The Profit Margin: March 28, 2022

Statistic of the Week

Wages for American women are growing at a faster rate than men, however a large pay gap remains. From February 2020 to February 2021, women’s wages were up 4.4%, compared to men’s, up 4.1%. This is the widest margin on record going back to 1997.

Global Perspective

Consumers in Russia are feeling the full brunt of global sanctions. In the first 21 days of the war, inflation rose 6.8% in the country compared to 0.8% in the 21 preceding days. Furniture and household appliances have risen the most, followed by healthcare expenses. The only category virtually unchanged is transportation costs – dominated by fuel.

Market Moving Events

Tuesday: Case Shiller Home Price Index, Consumer Confidence Wednesday: GDP Revision Thursday: Jobless Claims, Personal Income and Spending, PCE Friday: Nonfarm Payrolls, ISM Manufacturing, Vehicle Sales


Domestic equity markets continued their recovery rally last week and all three major US averages finished the week higher. The Nasdaq was the leader, rallying 1.98%.1 The S&P 500 moved 1.79% higher.2 And the DJIA, which has been a standout this year, inched up 0.31%.3 As equity prices moved higher, volatility edged lower, and fixed income yields rose. There was a sizeable leap higher in the yield of the 10-year Treasury during the week. By Friday, the yield had moved up 0.24% to finish Friday at 2.49%.4 Earnings and economic reports were relatively light last week, and there was no discernable reason for equity prices to move higher beyond that the selloff we had experienced at the start of the quarter that carried through the initial stages of the Russian invasion had been overdone to the downside. In the coming week, Thursday and Friday will have economic reports that carry the most weight. The Federal Reserve will be watching their favored inflation indicator on Thursday, the PCE. Friday’s nonfarm payrolls figure on Friday will also be closely followed. There is reported concern that initial jobless claims last week (chart right) signaled that the jobs market is too hot.5 (It doesn’t take much reasoning to get to that conclusion). For inflation to begin to cool, many economists argue that the labor market must first start to weaken. – Dan McElwee, CFP, ® MBA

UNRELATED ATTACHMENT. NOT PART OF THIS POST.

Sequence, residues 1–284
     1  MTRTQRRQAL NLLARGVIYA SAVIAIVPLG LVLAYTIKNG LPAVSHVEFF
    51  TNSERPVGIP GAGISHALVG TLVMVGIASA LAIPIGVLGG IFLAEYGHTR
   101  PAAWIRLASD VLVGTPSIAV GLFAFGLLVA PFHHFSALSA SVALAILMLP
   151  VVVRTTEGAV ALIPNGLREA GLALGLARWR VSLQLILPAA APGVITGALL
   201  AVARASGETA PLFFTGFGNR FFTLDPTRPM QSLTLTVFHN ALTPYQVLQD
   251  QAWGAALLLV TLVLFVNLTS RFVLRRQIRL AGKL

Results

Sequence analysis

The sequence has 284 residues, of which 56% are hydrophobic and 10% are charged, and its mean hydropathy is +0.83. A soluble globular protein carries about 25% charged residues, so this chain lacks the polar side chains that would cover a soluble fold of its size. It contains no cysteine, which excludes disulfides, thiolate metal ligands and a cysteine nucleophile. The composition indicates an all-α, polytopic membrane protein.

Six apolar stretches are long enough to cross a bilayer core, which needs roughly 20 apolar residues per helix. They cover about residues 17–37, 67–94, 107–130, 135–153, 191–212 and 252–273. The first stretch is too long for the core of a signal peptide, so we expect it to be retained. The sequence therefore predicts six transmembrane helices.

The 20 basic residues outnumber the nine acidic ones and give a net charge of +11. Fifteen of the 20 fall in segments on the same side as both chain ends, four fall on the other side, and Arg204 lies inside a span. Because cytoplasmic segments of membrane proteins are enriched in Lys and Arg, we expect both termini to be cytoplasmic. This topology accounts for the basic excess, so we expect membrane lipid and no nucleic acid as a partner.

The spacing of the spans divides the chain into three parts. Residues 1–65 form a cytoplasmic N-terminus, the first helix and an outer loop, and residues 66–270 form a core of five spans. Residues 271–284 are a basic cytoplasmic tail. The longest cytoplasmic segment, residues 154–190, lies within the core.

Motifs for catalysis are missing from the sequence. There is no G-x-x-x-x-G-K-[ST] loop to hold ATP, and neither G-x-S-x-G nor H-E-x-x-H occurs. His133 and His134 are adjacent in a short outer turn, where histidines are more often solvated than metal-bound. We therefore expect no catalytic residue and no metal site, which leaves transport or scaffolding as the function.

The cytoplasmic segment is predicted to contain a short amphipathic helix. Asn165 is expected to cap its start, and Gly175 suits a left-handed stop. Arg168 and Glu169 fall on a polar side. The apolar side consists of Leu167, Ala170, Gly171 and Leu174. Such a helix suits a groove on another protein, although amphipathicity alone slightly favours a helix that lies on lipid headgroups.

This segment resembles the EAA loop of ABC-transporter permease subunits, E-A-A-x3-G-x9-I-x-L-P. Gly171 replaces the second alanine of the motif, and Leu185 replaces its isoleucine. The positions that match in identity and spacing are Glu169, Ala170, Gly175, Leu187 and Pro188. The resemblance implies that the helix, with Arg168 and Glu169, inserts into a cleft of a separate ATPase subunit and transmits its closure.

Chart of the Week 

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Statistic of the Week:
The Wall Street Journal

Global Perspective:
The Economist

Market Moving Events:

Chart of the Week:
Haver, Clearnomics, Bureau of Labor Statistics, Department of Labor

Commentary:1.Bloomberg2.Bloomberg3.Bloomberg4.Bloomberg5.Investor’s Business Daily